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No. 14, January 2018

I Am Not Your Negro
James Baldwin in Racist America

By Sarafina, Dan and Abram

Movie poster for I Am Not Your Negro, directed by Raoul Peck.  

I Am Not Your Negro is a documentary film based on two works by the great black gay novelist, playwright and essayist James Baldwin (1924-1987). Members of the CUNY Internationalist Clubs went to see the film when it reached New York movie theaters last spring. The film is important for young revolutionaries to see. It powerfully combines dramatic historical footage and Baldwin’s stirring, courageous denunciation of the centrality of racism to U.S. society. Thus, while the movie doesn’t put forward a revolutionary program – nor does it claim to – what it does do is dramatize crucial issues, including many we studied in our 16-part study-group series on “Marxism and Black Liberation” not long before it came out. So we highly recommend it. In a short review like this, we can only touch on some of the reasons why.

The film is about black oppression in the United States, told through Baldwin’s perspective, and is directed by Haitian-born film maker Raoul Peck. Peck directed the film Lumumba (2000), which tells the story of Congolese independence leader Patrice Lumumba, from the last months of the bloody Belgian colonial rule in mid-1960 up to Lumumba’s murder by an imperialist-sponsored death squad in January 1961. Peck is also the director of Le Jeune Karl Marx (The Young Karl Marx), which came out in 2017 and portrays the political collaboration and friendship between Marx and Friedrich Engels up to the time they co-authored the Communist Manifesto in 1847.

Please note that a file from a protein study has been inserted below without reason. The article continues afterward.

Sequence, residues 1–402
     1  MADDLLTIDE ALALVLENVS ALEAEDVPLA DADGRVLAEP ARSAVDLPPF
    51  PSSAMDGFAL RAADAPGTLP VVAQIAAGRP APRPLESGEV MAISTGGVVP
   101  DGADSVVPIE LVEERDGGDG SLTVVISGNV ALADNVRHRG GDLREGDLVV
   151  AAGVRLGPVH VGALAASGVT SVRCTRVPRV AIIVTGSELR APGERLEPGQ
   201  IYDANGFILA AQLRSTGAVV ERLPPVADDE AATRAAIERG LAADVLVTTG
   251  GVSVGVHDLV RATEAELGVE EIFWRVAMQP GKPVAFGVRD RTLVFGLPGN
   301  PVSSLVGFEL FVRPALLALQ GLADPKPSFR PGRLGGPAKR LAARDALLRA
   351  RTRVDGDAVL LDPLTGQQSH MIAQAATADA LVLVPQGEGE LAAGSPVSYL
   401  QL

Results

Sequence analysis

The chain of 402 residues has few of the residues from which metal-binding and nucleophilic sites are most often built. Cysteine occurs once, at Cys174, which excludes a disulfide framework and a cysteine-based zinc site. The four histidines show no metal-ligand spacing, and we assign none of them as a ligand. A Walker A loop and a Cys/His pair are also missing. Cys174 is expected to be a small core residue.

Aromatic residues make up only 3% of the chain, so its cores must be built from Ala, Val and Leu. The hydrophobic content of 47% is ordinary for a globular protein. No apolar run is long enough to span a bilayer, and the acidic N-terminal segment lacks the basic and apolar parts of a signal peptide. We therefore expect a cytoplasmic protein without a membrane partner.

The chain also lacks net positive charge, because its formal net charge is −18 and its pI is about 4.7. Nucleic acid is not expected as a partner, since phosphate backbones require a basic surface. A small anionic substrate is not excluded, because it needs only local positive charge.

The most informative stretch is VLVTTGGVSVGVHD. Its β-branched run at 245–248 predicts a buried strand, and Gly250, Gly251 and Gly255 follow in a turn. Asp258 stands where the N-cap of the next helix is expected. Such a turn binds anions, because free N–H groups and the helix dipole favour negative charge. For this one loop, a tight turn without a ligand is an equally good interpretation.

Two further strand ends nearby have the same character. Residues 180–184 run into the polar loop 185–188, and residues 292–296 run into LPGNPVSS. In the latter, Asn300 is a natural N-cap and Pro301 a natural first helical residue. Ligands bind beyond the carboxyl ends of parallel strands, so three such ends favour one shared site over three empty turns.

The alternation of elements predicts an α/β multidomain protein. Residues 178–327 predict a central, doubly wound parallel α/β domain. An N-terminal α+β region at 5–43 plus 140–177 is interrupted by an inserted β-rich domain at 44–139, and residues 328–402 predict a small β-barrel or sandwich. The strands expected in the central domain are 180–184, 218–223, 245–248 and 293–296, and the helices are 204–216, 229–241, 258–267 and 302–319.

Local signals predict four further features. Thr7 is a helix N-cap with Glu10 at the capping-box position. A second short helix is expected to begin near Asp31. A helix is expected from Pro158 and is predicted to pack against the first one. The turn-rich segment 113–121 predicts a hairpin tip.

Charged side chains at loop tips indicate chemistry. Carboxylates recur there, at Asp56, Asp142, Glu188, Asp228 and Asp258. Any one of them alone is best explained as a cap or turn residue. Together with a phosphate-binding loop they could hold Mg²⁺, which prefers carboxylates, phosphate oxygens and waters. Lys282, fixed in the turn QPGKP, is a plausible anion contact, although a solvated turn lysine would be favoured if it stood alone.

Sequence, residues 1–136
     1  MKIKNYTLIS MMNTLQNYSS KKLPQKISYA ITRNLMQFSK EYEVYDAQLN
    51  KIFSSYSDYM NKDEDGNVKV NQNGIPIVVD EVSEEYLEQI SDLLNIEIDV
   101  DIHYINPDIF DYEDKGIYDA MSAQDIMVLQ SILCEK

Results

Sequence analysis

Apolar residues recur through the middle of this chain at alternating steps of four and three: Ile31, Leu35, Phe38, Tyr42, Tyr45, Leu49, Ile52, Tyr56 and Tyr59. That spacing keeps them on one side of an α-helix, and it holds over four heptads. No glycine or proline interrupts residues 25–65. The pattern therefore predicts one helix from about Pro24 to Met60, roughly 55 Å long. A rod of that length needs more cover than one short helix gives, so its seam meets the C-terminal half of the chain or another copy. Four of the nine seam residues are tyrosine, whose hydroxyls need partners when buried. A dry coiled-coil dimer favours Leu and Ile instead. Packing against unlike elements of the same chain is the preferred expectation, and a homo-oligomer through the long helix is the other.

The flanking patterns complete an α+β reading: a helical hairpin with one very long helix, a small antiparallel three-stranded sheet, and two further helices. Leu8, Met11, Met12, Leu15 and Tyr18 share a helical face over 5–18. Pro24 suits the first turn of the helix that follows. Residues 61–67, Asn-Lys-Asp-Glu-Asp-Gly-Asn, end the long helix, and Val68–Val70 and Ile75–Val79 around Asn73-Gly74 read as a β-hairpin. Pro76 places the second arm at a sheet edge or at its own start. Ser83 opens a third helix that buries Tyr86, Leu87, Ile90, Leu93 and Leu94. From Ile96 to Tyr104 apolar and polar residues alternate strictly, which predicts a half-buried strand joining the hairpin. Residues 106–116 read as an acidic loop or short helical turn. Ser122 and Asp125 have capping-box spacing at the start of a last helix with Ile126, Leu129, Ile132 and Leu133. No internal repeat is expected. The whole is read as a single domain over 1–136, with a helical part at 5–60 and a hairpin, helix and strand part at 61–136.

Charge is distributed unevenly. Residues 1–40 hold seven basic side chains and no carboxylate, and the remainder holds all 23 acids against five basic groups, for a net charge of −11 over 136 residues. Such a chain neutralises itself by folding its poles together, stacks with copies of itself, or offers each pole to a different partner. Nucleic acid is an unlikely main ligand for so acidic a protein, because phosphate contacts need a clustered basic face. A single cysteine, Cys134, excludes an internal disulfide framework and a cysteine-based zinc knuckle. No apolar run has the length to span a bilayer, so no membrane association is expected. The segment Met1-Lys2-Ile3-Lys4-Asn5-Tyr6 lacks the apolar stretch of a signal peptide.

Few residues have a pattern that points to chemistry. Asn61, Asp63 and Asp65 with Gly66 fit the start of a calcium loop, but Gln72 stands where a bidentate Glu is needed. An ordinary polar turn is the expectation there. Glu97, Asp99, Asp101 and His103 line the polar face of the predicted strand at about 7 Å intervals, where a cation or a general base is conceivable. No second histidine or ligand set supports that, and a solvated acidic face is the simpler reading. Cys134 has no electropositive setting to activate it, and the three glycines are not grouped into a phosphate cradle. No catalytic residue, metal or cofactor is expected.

I Am Not Your Negro is based on James Baldwin’s unfinished manuscript, “Remember This House,” which tells the story of Baldwin being a “witness to the lives and deaths” of three leading figures in the movements against racist oppression that broke out in the 1950s and ’60s: Medgar Evers, Martin Luther King, Jr., and Malcolm X. Peck also uses Baldwin’s book-length essay, “The Devil Finds Work,” which uses American cinema as a through-line for Baldwin’s analysis of what the pundits called “race relations.” The documentary is guided by a narration drawing on these two pieces, combined with images from the films he critiqued, video clips and pictures of the civil rights movement and Black Lives Matter protests, as well as footage of Baldwin himself to illustrate his thinking on the problem of racism and its origins.

As a black man living through the age of Jim Crow segregation, Baldwin was particularly concerned with the concept of race in the United States. After spending many years in Europe, he felt obligated to return to the U.S., where racist rampages against integration included white children with signs saying, “We Won’t Go To School With Negroes,” as shown in the movie. In stark contrast, the film shows the striking courage of young black students who were the first to attend a formerly all-white school after segregation de jure (by law) was formally ended through the 1954 Brown v. Board of Education Supreme Court decision.

During the film, there is a clip of Louisiana Democrat Leander Perez saying, “the moment a Negro child walks into the school, every decent, self-respecting, loving parent should take his white child out of that broken school.” Perez was one of the leading Southern Democrats (called “Dixiecrats”) who supported arch-racist Alabama Governor George Wallace of Alabama in his 1968 presidential campaign. Wallace was the “segregation now, segregation tomorrow, segregation forever” Dixiecrat, who was infamously known for attempting to stop the enrollment of black students at the University of Alabama by physically blocking the front entrance with police.

Racism’s Roots in Soil of American Capitalism

Among the best parts of the film are those showing the blistering intensity of James Baldwin as a speaker and debater unafraid to tell the truth about racial oppression. This, together with his homosexuality, made him a “threat to national security” in the eyes of the FBI. The title of the film changes the N-word to “Negro,” from a 1963 television appearance in which he repeatedly denounced racist America, both North and South, for being unable to answer “why it was necessary to have a ‘n-----’ in the first place, because I’m not a n-----, I’m a man.”